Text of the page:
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The simplest, and most traditional form of woodfuel is firewood logs. The only processing required is drying and cutting to a size that conveniently fits in your stove or boiler.
Firewood logs have the big advantage as a fuel that they can be sourced from one’s own woodland or trees with minimal specialist equipment other than a chainsaw and appropriate protective equipment. Owing to the physical size of the pieces it is critical that it is dried thoroughly, usually down to 20-25% moisture content (wet basis), which typically requires seasoning for two years.
See the Equipment section for information on suitable stoves and boilers for burning logs.
Small round wood (SRW) may simply be cut into logs. This may be done in the forest for ease of extraction and handling and to assist drying, and involve delimbing and cutting into logs of typically 2-3 m in length.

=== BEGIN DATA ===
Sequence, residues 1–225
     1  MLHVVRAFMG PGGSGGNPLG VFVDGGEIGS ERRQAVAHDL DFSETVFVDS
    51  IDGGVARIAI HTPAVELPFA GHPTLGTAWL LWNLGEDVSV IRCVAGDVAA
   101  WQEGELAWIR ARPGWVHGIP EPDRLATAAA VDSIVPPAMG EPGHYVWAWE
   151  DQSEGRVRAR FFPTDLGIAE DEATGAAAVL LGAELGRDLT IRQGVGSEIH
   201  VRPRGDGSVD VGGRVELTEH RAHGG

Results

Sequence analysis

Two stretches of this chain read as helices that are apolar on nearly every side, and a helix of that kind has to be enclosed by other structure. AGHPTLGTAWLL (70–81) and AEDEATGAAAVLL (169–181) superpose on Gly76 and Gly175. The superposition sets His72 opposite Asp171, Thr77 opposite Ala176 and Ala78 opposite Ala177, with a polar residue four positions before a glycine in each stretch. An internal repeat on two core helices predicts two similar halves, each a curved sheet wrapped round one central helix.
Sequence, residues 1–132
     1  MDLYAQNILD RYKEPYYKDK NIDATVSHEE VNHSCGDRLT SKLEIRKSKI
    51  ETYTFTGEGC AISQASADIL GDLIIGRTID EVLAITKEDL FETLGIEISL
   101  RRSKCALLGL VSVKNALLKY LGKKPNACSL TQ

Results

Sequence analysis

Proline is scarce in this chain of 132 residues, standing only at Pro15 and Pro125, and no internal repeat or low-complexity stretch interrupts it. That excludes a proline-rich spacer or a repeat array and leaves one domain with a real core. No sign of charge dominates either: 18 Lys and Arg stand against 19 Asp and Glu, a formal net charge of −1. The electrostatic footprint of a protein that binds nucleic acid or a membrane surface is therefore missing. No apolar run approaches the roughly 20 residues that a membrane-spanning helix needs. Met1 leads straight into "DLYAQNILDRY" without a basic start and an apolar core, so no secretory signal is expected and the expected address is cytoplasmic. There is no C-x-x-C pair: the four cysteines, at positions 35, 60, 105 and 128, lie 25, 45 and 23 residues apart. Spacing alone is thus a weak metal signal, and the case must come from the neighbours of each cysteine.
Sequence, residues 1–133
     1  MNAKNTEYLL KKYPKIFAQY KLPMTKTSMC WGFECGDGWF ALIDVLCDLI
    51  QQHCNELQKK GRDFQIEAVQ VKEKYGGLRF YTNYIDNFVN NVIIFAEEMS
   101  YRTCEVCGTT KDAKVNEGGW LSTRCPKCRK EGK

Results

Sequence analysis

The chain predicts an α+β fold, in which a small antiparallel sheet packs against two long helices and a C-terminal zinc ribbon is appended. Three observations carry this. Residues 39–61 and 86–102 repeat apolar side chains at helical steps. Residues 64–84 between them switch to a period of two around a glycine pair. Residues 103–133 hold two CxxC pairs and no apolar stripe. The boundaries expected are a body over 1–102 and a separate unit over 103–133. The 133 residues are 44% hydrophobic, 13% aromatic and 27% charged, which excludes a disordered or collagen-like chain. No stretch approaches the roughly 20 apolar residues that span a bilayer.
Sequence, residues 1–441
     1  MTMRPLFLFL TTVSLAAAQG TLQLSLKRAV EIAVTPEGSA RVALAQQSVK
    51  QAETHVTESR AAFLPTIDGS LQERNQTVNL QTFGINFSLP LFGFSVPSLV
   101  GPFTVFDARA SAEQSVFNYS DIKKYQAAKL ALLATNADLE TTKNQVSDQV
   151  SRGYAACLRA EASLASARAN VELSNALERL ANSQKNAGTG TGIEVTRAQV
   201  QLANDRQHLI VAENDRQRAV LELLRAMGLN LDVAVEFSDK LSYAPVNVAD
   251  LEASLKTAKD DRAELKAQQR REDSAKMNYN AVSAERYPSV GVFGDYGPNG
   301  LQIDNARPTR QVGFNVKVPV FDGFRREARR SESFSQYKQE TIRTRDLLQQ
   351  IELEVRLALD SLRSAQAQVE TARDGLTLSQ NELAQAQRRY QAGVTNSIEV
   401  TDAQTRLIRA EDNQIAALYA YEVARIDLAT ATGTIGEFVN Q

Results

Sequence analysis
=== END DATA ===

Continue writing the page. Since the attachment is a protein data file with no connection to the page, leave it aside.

These may be stacked at the roadside for convenience of subsequent collection, which may follow a period of drying. On average 1 m3 of roundwood requires 1 linear metre of roadside space.
If well stacked, a pile of round and split logs can show a bulk density 70% of that of the solid wood, though if loose this can drop to only 40% or less.
Scoring or partial removal of bark may help to accelerate drying. For logs over 15 cm diameter splitting is recommended to assist drying.
Logs may also be sold directly to domestic consumers as fire wood logs to be burned in an open fire or log burner. For this they need to be around 15-50 cm long (for many domestic users 25-30 cm is the optimum) and typically split if greater than 10 cm diameter.
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